CHICAGO (AP) — The Chicago Bears’ health woes haven’t been limited to the players. Three of the team’s coordinators have been stricken, too.
Bill Lazor felt as if he had a bad head cold. Under normal circumstances, the Bears’ offensive coordinator would simply take some medicine and go about his job. But after testing positive for COVID-19 this week, he is working remotely.
So are defensive coordinator Sean Desai and special teams coordinator Chris Tabor.
The Bears could be without all three when they host the Minnesota Vikings on Monday night.
“I’ve felt better, felt worse,” said Lazor, who has been vaccinated and received a booster. “I feel like I have a bad head cold and a bad cough. … I’ve obviously been a lot sicker, so hopefully this passes and I know the NFL is coming out with new rules about return. So hopefully things clear up here fast.”
Tabor and Desai have also experienced some symptoms. Both appeared to be in better shape and were hopeful they would be cleared to rejoin the team in time for the game.
Tabor said he thought he had a slight chest cold when he tested positive on Monday. He said Friday he was “feeling great.”
Desai said he’s feeling “fine” and hasn’t experienced “many symptoms.”
“Just kind of isolate and quarantine myself, keep my family safe and keep those around me safe,” he said.
The Bears, like other teams around the league and in the NBA and NHL, have been hit hard during the recent virus surge.
The NFL updated its protocols this week, requiring masks regardless of vaccination status and remote or outdoor meetings as part of the changes. The league also moved three games because of outbreaks, shifting Las Vegas at Cleveland from Saturday to Monday, and Seattle at the Los Angeles Rams and Washington at Philadelphia from Sunday to Tuesday.
The Bears had 13 players on the reserve/COVID-19 list as of Friday afternoon after backup quarterback Andy Dalton and cornerback Duke Shelley were added, and offensive lineman Elijah Wilkinson was activated. Receiver Allen Robinson, nose tackle Eddie Goldman and cornerback Artie Burns were among those still out.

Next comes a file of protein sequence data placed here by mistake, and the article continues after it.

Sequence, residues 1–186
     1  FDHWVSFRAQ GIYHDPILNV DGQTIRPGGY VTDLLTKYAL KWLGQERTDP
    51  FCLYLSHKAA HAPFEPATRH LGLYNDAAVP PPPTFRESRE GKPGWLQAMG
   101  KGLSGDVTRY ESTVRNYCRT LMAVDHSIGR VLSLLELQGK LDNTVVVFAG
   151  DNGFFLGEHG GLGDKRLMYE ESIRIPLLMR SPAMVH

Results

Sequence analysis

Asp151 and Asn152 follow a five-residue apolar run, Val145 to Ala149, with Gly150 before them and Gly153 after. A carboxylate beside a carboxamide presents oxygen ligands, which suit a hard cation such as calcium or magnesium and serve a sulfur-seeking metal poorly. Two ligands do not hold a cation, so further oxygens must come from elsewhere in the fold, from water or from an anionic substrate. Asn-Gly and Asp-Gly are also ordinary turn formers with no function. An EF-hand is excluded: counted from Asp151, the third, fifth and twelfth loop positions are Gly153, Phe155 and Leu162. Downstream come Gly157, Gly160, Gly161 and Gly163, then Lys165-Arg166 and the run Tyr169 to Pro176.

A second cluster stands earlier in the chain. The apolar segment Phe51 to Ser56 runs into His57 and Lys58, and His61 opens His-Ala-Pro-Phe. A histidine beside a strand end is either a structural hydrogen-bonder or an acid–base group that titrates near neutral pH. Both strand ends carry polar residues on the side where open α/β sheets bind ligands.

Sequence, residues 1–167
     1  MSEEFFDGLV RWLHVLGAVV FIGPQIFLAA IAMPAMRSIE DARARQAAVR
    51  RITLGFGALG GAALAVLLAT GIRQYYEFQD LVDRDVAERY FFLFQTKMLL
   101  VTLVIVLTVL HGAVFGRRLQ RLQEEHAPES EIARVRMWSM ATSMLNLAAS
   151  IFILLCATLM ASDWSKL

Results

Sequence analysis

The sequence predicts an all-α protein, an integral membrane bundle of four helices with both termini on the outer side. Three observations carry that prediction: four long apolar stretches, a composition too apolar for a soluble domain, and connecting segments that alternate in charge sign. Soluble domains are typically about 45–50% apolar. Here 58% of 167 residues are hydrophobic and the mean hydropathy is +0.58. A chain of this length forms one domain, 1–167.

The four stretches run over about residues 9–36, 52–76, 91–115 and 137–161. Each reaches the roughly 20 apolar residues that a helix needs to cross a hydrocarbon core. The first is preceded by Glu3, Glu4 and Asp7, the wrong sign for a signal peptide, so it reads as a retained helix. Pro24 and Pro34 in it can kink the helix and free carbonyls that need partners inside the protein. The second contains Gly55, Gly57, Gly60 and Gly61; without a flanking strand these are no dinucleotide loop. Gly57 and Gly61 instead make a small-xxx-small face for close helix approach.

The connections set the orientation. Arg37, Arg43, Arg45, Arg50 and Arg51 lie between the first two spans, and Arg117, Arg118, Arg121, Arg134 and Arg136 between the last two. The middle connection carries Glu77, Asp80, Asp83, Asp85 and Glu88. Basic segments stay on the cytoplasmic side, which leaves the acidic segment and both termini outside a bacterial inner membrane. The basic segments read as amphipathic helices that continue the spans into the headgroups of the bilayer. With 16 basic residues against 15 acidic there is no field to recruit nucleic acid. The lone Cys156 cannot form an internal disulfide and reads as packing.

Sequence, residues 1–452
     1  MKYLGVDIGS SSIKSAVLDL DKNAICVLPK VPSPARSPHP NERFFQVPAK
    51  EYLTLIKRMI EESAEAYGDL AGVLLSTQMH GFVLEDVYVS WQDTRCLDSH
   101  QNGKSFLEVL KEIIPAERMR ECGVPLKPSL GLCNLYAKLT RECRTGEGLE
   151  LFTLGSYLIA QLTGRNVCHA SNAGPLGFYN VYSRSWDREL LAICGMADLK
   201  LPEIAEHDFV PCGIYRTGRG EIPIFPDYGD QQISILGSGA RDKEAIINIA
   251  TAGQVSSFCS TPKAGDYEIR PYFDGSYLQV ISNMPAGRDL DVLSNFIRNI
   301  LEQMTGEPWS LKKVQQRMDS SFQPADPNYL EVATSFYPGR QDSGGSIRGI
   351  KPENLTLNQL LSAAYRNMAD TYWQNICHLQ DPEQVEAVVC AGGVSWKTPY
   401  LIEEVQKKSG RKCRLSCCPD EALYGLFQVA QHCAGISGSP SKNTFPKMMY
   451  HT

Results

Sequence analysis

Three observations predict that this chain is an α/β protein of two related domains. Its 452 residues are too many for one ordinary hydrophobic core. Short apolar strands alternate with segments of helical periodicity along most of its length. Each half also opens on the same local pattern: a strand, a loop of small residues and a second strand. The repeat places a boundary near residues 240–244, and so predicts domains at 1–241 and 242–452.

The Bears also had several more players dealing with non-COVID illnesses, including tight end Cole Kmet. The second-year pro said he was feeling “a lot better” after dealing with cold symptoms. He was relieved to test negative for COVID-19.
“This is kinda just the world that we’re in right now, and I thought this offseason it’d be going away with the vaccines and things like that,” Kmet said. “And to find out that everyone’s kinda still getting sick and things like that obviously isn’t great. But it’s just the world we live in right now, and you kinda have to deal with it.”
The recent outbreak is another twist in a rough season for the Bears (4-9). They’ve lost seven of the past eight games and have had difficulties in all areas.
Injuries have exposed a lack of depth throughout the roster. There are questions about the futures of coach Matt Nagy and general manager Ryan Pace. And when they meet Minnesota, they could be missing all three coordinators.
It wouldn’t be the first time they’ve been without a prominent part of the coaching staff. Nagy missed the loss to San Francisco on Halloween because of COVID, and Tabor ran the team in his place.
If Tabor is unavailable on Monday, special teams assistant Brian Ginn would fill in for him. If Desai can’t be at Soldier Field, Mike Pettine might call the defense. The longtime NFL defensive coordinator and former Cleveland Browns coach is in his first season as a senior defensive assistant with the Bears.
Tabor and Lazor seemed to have cases of cabin fever being away from the team. So did Desai, to a lesser extent.
“Quite frankly, especially the front end of the week — Mondays and Tuesdays — it’s the same,” he said. “I’m just stuck in my office, game planning and watching tape all day anyway, so the majority of it is the same. It’s just the practice part that you miss being out on the field.”
It’s not totally new territory for the Bears. They conducted meetings via Zoom last year. But Lazor said being away from the facility altogether is difficult.
“Some of the work is a lot easier to do when you’re in the building together,” Lazor said. “So it’s a little bit frustrating in the organization of practice and getting cards ready and the scout team ready. And if an adjustment gets made, to test it out so that everyone gets it on the staff. You can go down the hallway and do it a lot easier than you can when you’re not in the building. I’d say it’s frustrating, but there’s not much I can do about it.”
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